March 08, 2009

Life On Mars

In Moe's I stumble upon Felix Guattari's "Chaosophy: Texts and Interviews 1972-1977" (Semiotext(e), ed. Lotringer, natch), a book I just have to buy after a quick skim, if only because the blurb describes "Anti-Oedipus" as one of the most important books of our time, and because in one of the chapters Guattari, when asked for a brief overview of something or other in an interview, goes on for several unstoppable pages (unintentional comedy is always the best comedy).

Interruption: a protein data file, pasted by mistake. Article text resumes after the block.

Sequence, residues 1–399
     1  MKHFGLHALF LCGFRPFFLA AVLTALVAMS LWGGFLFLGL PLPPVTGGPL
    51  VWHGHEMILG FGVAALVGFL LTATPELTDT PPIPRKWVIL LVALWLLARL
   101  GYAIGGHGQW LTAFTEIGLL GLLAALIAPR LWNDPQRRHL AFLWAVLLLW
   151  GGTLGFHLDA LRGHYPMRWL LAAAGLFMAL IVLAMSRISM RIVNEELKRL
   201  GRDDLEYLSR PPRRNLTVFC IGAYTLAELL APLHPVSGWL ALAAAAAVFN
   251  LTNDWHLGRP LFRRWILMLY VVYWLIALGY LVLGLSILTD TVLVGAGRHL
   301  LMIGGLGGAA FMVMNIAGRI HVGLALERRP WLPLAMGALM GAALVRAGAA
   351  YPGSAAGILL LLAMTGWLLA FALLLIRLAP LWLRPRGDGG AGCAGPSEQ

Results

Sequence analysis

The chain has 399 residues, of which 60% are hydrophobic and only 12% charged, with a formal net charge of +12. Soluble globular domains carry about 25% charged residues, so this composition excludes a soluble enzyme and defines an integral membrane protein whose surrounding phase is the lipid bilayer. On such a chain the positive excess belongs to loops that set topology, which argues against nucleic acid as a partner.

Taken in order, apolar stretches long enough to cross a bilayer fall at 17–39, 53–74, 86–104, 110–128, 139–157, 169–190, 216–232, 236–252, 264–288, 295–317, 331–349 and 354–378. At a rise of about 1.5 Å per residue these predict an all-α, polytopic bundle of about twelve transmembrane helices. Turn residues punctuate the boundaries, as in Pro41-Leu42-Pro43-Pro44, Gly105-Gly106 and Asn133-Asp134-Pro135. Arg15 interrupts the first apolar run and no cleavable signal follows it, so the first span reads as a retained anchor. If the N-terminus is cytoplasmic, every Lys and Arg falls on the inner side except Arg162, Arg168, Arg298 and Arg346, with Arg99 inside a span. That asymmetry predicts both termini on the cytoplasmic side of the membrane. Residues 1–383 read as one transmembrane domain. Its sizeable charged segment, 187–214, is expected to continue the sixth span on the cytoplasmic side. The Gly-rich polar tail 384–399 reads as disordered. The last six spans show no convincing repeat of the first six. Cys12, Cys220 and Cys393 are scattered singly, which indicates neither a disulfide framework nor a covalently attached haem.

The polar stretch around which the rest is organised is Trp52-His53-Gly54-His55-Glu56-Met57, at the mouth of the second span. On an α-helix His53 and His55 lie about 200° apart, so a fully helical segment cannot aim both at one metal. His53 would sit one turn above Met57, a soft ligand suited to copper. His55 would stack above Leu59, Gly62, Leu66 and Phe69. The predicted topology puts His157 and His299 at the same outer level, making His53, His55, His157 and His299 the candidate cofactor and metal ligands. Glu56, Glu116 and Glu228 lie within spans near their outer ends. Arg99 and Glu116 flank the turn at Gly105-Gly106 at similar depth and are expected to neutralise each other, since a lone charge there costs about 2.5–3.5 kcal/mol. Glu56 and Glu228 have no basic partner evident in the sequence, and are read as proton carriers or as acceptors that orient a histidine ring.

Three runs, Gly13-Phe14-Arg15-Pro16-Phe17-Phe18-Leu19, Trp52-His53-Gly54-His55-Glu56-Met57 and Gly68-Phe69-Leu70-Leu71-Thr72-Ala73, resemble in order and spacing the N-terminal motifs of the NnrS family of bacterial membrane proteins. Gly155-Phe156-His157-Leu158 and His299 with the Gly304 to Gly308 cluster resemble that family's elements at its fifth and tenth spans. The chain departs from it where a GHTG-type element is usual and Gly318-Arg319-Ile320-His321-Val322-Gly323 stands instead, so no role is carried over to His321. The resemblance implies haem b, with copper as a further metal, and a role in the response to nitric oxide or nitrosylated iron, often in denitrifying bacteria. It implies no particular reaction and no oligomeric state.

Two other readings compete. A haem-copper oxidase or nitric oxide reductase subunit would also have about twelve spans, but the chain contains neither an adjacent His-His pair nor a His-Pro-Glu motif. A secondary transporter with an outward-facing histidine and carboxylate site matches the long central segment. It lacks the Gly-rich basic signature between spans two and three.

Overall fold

I've long had a soft spot in my intellectual heart for Guattari — his analysis of R.D. Laing's Kingsley Hall anti-psychiatry adventures (included in this collection) is characteristically perceptive and droll, and it's hard not to be sympathetic to an agenda that attempted to get psychology (as a practice, if not a science) out of the whole claustrophobic Oedipal thing and more engaged with broader social and institutional contexts (at least). But this collection was written at a time when it was possible to discuss psychiatry and psychology in great detail without once even mentioning neuroscience or neuropathology (except dismissively in passing), and to talk about something like schizophrenia entirely in social or institutional terms. Not that Guattari himself does this (at least not here), but this was a time when it was even possible to straight-facedly discuss "curing" schizophrenia using Freudian analysis; reading bits of the collection over the past few days has been a sort of mental Life On Mars for me.

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